Since Donald Trump started to gain traction in the race for presidency, many joked about leaving the country. As a Donald Trump presidency became more and more likely, jokes turned into promises. According to Google, after the super tuesday primary results came in, search results for ‘move to canada’ skyrocketed and the website for Canadian immigration crashed. Why are people considering uprooting their lives and moving to foreign countries? Well, for some, this seems to them their only option.
In the weeks following Trump’s inauguration, BBC news has written a couple of articles about their readers; those who are leaving the country, those considering, and those who want to but cannot. A few of the people talked about in their articles are dual citizens and visa holders from countries more or less targeted by the Trump administration. Fearing deportation and/or hostility from other Americans, some have made plans to leave the US. Another example given was a gay couple, one of which was HIV positive, fearing the hostile political climate has heavily considered immigrating.
Overall, many of those who are feeling threatened, even some who just heavily disagree and have little faith in the current administration are considering leaving.
While I do agree that it may be in the best interest for some, like immigrants from damaged countries, to immigrate to another country in order to avoid being returned to the country they fled in the first place. But for many, this is the wrong decision. Those who leave mostly on an ideological basis only fuel what they see as the problem. For these people, remaining in the US is the best way for them to help solve it.
One way to do this is the most obvious: voting. Participating in elections for local and state government and voting for those who represent your interests is the first step. When that does not work out, like with the election of our current president, there are other options. Protesting in all of its forms helps raise awareness to you side of the cause while also rallying others who may share your views. Another way is to support organizations and charities that you believe do good and hold similar ideals to you.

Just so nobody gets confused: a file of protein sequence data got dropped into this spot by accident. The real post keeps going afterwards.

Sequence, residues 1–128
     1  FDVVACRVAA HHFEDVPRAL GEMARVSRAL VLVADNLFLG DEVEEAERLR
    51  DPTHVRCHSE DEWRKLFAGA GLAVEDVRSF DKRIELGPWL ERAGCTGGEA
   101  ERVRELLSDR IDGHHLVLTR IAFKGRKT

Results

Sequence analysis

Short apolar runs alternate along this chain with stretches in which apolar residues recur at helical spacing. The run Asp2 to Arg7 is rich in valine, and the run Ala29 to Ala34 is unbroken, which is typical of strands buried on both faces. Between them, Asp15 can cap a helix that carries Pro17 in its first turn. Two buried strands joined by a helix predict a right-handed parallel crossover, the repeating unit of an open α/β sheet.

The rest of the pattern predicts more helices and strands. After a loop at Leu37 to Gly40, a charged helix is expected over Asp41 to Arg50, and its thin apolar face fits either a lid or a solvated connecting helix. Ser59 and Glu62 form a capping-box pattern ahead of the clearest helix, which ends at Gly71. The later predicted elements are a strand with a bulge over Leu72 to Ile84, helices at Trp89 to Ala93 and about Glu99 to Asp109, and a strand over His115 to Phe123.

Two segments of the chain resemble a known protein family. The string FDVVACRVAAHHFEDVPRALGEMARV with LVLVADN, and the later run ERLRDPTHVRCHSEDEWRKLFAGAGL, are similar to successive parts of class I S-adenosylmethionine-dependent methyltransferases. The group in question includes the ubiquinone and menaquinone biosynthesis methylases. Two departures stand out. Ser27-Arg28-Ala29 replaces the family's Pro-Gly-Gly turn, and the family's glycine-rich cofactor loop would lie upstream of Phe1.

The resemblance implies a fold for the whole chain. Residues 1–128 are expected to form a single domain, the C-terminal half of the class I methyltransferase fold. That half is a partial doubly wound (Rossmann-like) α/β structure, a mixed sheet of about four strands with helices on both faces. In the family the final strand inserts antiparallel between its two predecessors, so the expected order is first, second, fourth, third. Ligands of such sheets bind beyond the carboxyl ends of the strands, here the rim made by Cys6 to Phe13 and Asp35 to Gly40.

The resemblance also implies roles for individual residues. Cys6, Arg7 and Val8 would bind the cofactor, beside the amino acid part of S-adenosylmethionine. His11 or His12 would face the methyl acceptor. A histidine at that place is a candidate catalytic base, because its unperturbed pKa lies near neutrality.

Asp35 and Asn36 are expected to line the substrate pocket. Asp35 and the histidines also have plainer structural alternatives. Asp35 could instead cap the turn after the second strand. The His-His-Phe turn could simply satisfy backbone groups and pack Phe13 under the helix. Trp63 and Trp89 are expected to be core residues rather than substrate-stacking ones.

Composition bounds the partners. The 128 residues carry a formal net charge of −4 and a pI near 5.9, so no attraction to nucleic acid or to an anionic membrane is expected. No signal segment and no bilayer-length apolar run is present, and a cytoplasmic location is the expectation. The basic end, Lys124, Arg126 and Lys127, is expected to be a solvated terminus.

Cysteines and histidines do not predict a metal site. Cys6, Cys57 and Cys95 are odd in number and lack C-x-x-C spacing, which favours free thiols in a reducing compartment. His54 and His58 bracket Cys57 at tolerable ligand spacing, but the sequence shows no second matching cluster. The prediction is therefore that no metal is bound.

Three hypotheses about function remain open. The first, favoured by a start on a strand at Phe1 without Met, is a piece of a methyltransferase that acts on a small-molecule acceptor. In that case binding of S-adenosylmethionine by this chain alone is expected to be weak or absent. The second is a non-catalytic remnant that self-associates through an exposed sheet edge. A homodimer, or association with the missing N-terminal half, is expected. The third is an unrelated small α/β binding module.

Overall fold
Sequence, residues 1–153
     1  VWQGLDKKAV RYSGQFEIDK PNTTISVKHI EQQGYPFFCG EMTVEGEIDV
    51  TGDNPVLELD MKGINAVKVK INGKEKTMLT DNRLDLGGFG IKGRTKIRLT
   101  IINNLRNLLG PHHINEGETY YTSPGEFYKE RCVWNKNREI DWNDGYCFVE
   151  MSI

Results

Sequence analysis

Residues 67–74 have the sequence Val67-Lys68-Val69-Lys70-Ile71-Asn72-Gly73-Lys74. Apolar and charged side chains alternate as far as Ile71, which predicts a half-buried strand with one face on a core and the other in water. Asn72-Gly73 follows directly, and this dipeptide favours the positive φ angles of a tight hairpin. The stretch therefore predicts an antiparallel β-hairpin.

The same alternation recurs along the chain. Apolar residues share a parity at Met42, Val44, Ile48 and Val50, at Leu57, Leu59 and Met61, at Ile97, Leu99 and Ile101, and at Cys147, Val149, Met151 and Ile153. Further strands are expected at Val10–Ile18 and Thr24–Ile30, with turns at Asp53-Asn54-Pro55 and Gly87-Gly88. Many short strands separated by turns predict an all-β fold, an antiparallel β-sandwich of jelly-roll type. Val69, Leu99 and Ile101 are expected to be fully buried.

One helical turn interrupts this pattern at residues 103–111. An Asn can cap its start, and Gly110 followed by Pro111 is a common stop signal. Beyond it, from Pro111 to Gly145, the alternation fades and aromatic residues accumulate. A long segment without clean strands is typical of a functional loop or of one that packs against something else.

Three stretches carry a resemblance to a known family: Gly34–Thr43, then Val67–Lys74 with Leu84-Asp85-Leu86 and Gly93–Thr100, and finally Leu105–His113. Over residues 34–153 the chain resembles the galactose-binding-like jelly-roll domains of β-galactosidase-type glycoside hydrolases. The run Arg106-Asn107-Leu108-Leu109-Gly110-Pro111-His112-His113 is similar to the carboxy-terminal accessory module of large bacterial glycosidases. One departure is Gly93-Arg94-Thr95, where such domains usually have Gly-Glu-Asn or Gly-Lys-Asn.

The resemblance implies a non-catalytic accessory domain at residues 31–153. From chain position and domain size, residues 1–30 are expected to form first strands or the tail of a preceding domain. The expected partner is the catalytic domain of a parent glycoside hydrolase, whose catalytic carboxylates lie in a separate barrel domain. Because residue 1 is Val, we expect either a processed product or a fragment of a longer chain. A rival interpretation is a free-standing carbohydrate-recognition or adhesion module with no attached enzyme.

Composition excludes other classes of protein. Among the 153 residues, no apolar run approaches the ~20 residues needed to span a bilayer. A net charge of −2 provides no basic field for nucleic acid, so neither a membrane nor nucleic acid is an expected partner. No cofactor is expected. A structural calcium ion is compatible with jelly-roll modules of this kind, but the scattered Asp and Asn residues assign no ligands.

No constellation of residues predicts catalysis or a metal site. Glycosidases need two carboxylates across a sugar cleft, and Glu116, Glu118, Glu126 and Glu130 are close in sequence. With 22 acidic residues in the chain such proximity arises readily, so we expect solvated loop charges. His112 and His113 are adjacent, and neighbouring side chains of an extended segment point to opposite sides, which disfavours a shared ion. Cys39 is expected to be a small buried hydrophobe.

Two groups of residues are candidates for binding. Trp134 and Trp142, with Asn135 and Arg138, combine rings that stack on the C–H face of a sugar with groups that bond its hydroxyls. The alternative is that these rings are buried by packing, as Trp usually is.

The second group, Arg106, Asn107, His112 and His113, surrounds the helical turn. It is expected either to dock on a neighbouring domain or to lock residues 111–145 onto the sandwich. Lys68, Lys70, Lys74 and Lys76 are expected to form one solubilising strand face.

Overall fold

Even if you do decide to immigrate to another country, an issue like this does not just stay in the US, but affects much of the world. If you are a supporter of the administration, then this is good for you, as the election of Trump has inspired similar movements in other countries. If you are one of those who are considering leaving, then this is not great news for you. Since the United States is such a huge player in the world, leaving the country might not rid you of the problem entirely.
A misconception that many who fear the political climate in general have is that the whole country is split in two, one side against the other. In reality, that could not be farther from the truth. It is called a political spectrum for a reason. Someone who voted Trump may not necessarily believe in everything that he stands for, and the same for those who voted for Hillary. Extremists on either side really are a minority; they only seem that way because they are also the loudest and the spotlight is always on them.
Finally, for those who have the ability to leave, you must consider the fact that there are many in the same shoes who are unable to leave. This could be for a variety of reasons, like lack of funds, social obligations, etc. When you leave the country behind, you also take away one more supporter for those affected by the decisions of the administration.
Whichever side you are on, whatever you believe, whoever you voted for: stay and make this country great.